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Explore the Entrepreneurship.org Resource Center to find resources. Designed with entrepreneurs in mind, our resource center allows you to find materials to grow great ideas.
The co-founders of a public relations and events-management firm discuss the role of negotiation in enabling them to operate as equal partners. Balance, trust and skills are necessary for the give-and-take involved, and the authors provide suggestions for achieving that.
How do you know when it's time for life after entrepreneurship? Selling the most important asset in your life - the one you've poured heart and soul into - shouldn't be tied to the day Social Security kicks in. It should be a process started three to five years before the final event, as the planning for life after entrepreneurship is equally as important as your first business plan.
Entrepreneurs make great decisions when they critically analyze the situation.
Julius Walls has the priviledge of leading a company that exists to give back.
Entrepreneurs must have a strategic reason for expanding and execute according to a plan that works for their company, says a cofounder of a major oil-change service company.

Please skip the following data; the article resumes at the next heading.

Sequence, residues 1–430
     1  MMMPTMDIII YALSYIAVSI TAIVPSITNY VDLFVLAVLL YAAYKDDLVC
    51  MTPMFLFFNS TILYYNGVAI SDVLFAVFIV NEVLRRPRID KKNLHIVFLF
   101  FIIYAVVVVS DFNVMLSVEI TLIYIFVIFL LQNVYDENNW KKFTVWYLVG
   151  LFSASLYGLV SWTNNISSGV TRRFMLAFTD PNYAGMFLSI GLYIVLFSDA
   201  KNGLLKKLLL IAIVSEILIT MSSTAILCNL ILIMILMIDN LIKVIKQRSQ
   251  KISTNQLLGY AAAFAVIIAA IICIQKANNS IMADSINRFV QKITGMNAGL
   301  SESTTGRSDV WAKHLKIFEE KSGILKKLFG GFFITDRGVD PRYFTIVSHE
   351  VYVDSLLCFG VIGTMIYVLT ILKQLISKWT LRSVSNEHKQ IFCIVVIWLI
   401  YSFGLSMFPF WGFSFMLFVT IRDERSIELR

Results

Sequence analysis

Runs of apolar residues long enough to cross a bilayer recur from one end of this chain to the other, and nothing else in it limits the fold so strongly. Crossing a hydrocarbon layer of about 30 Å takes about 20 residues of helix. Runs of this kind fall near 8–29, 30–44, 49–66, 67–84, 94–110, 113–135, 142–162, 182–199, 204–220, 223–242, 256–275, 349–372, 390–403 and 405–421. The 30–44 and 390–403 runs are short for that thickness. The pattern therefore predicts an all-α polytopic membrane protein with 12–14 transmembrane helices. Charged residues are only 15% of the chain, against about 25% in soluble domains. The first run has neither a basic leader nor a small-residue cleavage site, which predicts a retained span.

After selling her first company, a newly wealthy software entrepreneur felt that writing checks to charity wasn't enough. So, she set up a nonprofit that runs a business employing disadvantaged young people. Then she joined an organization advocating economic fairness in society. Now she's providing for her daughter's education and learning about investment strategies.
Executed well, franchising can be a solution to the challenge of harvesting intellectual capital to achieve the goal of driving business growth. If it is right for your company, consider making it work, the author says.
At age 25, Laura Sanko was a founding member of a startup that raised $3.5 Million from some world-famous investors and the Founder’s Fund. The business model was simple: a website that rented high-end jewelry for special occasions for a fraction of the retail value of each piece. Three years later, the investment money was all gone and while the site continued to operate, it had failed to meet the investors’ expectations.
The statistics surrounding the survival rate for small businesses have long been subject to fervid debate. Depending on who you're talking to, the predicted life span for a startup can elicit grim to cautiously optimistic responses.
Richard Heckmann's gift to the University of California Riverside in Palm Desert was not just the money for a new entrepreneurship center, but also his continued time and expertise.
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